Last Sunday’s Sermon

Matthew 25:1-13 My Father’s House

I read the 16th chapter of the gospel of Luke, “the children of this age are more shrewd than the children of light.” In the world, the children of light appear foolish. Their freedom and their joy, as of the radiance of their Father is all delusion in the world. The foolish ones trust in God, and so they trust others more. The world does not know the children of light as they are. Shrewd labels are attached to them, for they are naive in self-interest. They act like children. Now the gospel of the day….

Jewish weddings occur on Tuesdays. Tuesday starts at sundown on Monday. Weddings are late evening celebrations, the bride and groom in the bridegroom’s chamber for the night, and revelry resumes over brunch, with wine and a lutefisk sandwiches.   Notice, her father’s house, the bride’s father. The wedding will be there. Why? If the groom had a father, it would be in his father’s house. Bring the virgin bride, to be a precious means to provide new embodiments of the father and his son, boy children. But this boy has no living father. Yes, and what manner of lad is the groom? He shows up at 2am. Bridesmaids had a good nap after waiting from the appointed time, and bored, slumbered. The lamp burns out. Six hours late, the groom, in the merry company of Israeli stallions, draws near, the bachelor party come to fruition. The fatherless son-in-law will become the adopted son, predictably to malinger with plenty of fat in the fire – useless, mow a little grass, and have a party, and have the guys over. Here he comes, 2am. And the bride is bound for life to provide offspring for both her father and his. This is the scene.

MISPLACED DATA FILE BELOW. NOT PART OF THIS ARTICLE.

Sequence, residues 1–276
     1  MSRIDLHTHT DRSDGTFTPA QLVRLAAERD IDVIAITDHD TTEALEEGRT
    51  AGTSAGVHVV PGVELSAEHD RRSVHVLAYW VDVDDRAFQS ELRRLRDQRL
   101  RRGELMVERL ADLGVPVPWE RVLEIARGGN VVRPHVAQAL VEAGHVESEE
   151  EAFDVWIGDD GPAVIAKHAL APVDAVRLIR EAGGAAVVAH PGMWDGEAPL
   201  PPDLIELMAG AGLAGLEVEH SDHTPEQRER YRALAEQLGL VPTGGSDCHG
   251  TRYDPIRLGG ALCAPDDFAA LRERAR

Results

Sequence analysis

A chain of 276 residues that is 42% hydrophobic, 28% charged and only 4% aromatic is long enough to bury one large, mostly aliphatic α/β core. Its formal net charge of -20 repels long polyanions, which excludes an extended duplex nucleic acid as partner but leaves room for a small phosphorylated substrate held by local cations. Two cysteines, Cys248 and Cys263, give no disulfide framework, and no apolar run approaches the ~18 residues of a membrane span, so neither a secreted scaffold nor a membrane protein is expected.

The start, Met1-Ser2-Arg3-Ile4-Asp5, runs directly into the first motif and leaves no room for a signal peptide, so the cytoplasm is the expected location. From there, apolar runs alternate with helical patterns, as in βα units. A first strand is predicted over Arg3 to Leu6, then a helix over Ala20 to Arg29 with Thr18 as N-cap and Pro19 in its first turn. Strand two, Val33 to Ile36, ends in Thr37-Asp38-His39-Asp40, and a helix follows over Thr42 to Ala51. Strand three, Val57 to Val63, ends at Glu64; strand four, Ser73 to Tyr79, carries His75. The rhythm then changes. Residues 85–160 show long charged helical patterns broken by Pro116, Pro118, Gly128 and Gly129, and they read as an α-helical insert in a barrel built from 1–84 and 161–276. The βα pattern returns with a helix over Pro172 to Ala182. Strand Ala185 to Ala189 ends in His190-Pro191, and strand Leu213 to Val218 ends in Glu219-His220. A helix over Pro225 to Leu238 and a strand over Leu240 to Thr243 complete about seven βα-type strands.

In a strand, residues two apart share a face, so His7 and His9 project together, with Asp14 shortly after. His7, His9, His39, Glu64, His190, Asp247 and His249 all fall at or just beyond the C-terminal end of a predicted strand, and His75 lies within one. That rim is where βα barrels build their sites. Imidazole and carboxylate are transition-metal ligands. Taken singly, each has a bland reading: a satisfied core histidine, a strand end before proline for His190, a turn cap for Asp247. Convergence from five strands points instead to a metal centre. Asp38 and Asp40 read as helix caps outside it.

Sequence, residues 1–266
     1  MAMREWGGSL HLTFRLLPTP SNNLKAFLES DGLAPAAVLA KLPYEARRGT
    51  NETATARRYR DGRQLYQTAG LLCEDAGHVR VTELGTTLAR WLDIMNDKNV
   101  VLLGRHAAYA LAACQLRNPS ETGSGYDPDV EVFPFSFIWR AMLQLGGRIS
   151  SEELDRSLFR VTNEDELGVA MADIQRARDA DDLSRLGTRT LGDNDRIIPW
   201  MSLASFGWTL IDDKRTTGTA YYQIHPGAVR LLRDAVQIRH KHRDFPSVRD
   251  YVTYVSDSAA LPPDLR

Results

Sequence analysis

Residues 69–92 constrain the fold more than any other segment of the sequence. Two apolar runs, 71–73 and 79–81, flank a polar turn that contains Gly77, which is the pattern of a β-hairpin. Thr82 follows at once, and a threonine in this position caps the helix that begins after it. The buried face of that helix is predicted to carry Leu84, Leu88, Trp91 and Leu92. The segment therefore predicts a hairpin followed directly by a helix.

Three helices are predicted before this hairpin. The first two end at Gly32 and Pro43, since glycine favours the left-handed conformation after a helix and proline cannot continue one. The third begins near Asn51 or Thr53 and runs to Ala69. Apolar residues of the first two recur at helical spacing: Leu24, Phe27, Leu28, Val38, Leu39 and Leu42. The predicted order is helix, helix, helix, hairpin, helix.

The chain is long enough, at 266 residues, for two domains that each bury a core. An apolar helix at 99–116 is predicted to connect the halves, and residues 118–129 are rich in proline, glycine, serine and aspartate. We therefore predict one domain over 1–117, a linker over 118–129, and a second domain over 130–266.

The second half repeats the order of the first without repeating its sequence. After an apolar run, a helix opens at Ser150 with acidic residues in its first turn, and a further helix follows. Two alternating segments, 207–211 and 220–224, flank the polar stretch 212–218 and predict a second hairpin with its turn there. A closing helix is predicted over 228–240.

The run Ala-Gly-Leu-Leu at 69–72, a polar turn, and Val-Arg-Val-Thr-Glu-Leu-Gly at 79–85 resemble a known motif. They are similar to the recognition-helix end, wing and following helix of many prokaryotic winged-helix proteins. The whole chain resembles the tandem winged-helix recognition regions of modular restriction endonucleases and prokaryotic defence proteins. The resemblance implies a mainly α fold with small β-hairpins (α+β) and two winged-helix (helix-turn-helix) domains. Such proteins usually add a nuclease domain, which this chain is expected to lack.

Ten virgins, parthenoi. We have the word, “parthenogenesis.” It means, “virgin birth.” And the ten virgins present themselves, bridesmaids, eligible for marriage. Not necessarily life long knicker socks forever buddies. No, a kind of coming out party, the bridal cotillion. And then, if you are a swain of the fields or the pottery, and you see a woman of charm, you tell your daddy, and he goes to her daddy, and they work out the “bride price.”… She’s very beautiful….Yes, but will she produce strong children?….Am I not a strong man? How can you doubt this?…Yes, but for all your strength, your farm looks like East of Eden…Your sons children shall give flourish to the plot, and I shall broadly praise you…. Like that. What will it advantage each side to have this marriage. Now here is this handsome, well oiled lad, Mobab, and he has no daddy wealth and property, but just now a kind of defunct heir. She, the bride, Angelica, chose Mobab. She liked his Lion of Ahab air. Her daddy would like to have the farm of the deceased, farm unkempt as a dirty rug. And so he is pleased with Angelina’s choice. A wastrel, you see, idle rich – give him a tent in the back yard, and barrels of beer, and let him run. And have two farms and be big. Bride’s price, there.